A handful received 427cid V8s, with cast-aluminium medium riser intake manifold and twin 600cfm Holley four-barrels producing 425hp. Rumours suggested it could destroy its rear tires in a single drag race. 2,048 were produced, outselling the 350 by 875 units. $4,195. Also available from Hertz as GT500H.

One 1967 fastback was modified into a GT500 ‘Super Snake,’ with aluminium 427cid GT40 Mk II race engine producing 650hp, with a top speed exceeding 170mph. Often featured in ‘best muscle car’ listings, it sold for $1.3 million at Mecum in 2013.

To reflect their heritage, the 1968 cars were renamed Shelby Mustang Cobra GT350 / GT500 / GT500KR, also available as convertibles. They were redesigned with aggressive fibreglass front-end, functional hood scoops, non-functional bodyside intakes, and Goodyear tires.


GT350s had 250hp 302cid with hydraulic lifters instead of solid lifter 289. Automatic or manual. 1,253 fastbacks, $4,116, 404 convertibles, $4,238.

GT500 had either 427cid or 428. 0-60 in 6.5 seconds, 14.97 second ¼ mile time at 99.6mph. Manual. 1,140 fastbacks, $4,317, 402 convertibles, $4,438.

In April 1968, the 427 and Police Interceptor engines were replaced by the Shelby Cobra GT500-KR ‘King of the Road’ 428cid with Cobra jet engine and ram air scoop. 0-60mph in 6.5 seconds. 14.3 second ¼ mile at 100mph, rated 335hp at 5,200 rpm, but made over 400hp. 440 ft-lbs torque at 3,400 rpm. 318 convertibles, $4,594, and 933 fastbacks, $4,472. Four-speed manual. The most powerful Mustang to date, it outhandled other sports cars and looked intimidating.

Without Shelby’s involvement or the Cobra name, 1969 Shelby GT350s and GT500s were four inches longer and more luxurious, lacking their predecessor’s race qualities. The 350 had a 351cid V8 or 428 for GT500. Unsold 1969 models were given 1970 VIN numbers and emission modifications, before being discontinued.

Modern Shelby Mustangs

To honour Carroll Shelby’s legacy, the nameplate was reintroduced for the fifth generation in 2005.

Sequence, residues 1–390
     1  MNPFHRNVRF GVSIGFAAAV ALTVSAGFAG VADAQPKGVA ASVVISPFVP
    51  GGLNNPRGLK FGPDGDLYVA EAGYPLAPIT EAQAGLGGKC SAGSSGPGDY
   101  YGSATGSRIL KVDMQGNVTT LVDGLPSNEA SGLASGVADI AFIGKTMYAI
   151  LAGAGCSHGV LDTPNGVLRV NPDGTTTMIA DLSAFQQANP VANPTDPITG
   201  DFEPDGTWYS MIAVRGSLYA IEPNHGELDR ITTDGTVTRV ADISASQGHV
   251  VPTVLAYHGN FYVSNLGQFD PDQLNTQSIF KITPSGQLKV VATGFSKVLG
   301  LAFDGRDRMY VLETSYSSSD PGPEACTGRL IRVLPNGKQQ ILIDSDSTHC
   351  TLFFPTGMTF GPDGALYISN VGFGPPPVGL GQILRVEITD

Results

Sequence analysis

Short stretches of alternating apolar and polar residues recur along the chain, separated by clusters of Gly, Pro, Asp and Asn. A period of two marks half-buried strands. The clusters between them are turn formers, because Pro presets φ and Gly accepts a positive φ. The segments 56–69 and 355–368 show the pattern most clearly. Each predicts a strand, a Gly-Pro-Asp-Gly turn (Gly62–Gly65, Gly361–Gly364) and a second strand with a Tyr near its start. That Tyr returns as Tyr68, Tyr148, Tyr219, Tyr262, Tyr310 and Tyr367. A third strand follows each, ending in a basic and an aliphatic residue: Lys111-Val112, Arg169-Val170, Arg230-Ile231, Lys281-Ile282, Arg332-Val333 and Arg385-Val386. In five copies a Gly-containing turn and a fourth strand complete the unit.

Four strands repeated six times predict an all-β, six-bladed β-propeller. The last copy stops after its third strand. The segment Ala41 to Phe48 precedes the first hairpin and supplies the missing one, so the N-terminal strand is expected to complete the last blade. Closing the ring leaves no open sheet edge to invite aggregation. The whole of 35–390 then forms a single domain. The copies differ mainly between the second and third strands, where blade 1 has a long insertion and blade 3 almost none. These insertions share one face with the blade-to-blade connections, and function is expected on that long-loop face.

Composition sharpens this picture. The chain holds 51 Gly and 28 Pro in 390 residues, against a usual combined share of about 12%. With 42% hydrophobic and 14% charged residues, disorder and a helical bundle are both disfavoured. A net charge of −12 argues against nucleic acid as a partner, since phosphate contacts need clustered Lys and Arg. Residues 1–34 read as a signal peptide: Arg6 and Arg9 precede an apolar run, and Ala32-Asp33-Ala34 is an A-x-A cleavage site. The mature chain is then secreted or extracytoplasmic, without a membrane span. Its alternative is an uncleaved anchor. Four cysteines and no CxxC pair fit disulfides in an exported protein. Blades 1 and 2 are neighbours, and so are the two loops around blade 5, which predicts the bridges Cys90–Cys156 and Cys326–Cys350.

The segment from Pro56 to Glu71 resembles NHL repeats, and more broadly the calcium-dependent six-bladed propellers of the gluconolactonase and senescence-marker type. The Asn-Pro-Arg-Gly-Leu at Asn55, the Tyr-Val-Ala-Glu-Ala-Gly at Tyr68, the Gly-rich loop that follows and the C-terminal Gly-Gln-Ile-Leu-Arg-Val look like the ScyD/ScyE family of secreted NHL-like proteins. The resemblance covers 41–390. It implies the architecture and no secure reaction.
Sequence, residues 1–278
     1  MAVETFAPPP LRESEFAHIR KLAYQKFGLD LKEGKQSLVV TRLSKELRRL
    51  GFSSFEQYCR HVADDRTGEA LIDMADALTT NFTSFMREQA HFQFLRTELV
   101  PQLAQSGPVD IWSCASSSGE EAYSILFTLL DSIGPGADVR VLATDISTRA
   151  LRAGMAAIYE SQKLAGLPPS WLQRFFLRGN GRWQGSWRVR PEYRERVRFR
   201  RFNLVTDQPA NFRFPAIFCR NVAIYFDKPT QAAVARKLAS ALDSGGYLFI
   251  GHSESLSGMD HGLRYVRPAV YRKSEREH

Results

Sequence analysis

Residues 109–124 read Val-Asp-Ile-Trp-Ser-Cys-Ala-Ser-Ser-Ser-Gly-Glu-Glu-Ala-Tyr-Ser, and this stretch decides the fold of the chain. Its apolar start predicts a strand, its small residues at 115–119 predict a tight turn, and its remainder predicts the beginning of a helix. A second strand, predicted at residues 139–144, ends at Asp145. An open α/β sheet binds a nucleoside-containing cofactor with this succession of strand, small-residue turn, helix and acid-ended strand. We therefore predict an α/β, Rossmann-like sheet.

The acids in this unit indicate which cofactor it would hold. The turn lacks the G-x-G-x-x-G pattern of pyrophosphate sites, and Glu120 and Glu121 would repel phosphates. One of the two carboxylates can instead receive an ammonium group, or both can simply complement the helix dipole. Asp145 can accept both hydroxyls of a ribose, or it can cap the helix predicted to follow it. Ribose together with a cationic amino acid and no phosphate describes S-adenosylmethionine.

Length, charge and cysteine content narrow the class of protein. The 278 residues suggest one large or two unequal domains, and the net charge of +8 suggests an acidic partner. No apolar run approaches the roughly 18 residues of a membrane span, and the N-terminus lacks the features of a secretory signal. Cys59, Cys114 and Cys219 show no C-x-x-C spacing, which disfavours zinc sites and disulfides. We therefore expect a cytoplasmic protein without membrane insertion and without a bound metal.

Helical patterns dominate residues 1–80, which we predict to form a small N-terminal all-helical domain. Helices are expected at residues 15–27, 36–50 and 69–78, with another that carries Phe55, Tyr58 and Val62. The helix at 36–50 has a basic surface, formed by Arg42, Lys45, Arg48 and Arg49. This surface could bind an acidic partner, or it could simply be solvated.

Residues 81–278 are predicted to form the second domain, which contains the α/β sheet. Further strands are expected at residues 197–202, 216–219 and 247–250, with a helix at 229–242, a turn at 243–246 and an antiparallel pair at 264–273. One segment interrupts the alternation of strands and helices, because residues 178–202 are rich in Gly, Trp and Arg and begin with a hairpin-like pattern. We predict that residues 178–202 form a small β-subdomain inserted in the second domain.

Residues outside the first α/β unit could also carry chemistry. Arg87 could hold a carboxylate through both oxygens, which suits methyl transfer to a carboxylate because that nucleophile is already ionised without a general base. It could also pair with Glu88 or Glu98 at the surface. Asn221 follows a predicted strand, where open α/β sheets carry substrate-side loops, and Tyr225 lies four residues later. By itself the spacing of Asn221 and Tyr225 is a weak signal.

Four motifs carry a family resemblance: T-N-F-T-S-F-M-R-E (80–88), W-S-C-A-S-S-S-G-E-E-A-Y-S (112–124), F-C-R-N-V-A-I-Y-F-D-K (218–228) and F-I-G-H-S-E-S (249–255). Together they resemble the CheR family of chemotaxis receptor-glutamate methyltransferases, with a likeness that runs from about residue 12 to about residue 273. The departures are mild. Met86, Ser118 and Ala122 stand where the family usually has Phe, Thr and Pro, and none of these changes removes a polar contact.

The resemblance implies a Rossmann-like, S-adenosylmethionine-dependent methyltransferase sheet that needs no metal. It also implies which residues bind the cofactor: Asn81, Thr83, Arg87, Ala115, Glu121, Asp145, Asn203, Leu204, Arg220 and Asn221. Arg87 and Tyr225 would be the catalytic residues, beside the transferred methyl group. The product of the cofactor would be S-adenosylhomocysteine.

The 2020 Ford Mustang Shelby GT500 is Ford’s most powerful street production car to date, with 760hp at 7,300 rpm, and 625 lb-ft torque at 5,000 rpm. 5.2L Supercharged V8 version of the 350/R engine, with a 2.65 litre supercharger.

End of the line for GT350: in October 2020, Ford announced they would be discontinuing production of the Ford Mustang Shelby GT350 after 2020, possibly due to the more powerful GT500.

Appearance in Popular Culture

Gone in 60 Seconds

As in the original 1974 film, ‘Eleanor’ is the ultimate prize in the 2000 remake, appearing as a modified 1967 Ford Mustang Shelby GT500. In the last chase scene, the combination of skilled driver and impressive muscle machine outmanoeuvres pursuing police vehicles, proving Shelby’s words that “good driving is a fine art.” Frequently listed amongst the top movie cars, one of the eleven vehicles used in the film sold for $852,000 in 2020.

Shelby Mustang Eleanor 


Carroll Shelby’s involvement was critical to Ford’s racing success in the sixties, beginning with the GT40, followed by the GT350 and GT500. In particular, Shelby American transformed the 1964 Mustang pony car from underdog to lightweight, winning sports car, then again to a heavy muscle car, a thoroughbred champion on the street and track.

Through increasingly powerful modern incarnations, the legendary classic Shelby Mustang lives on.

Author: Charlotte Iggulden

Muscle Car UK is the UK’s leading specialist Mustang and Muscle Car dealership. We import American muscle cars from the US, restore them here in the UK, and re-home them with our delighted customers.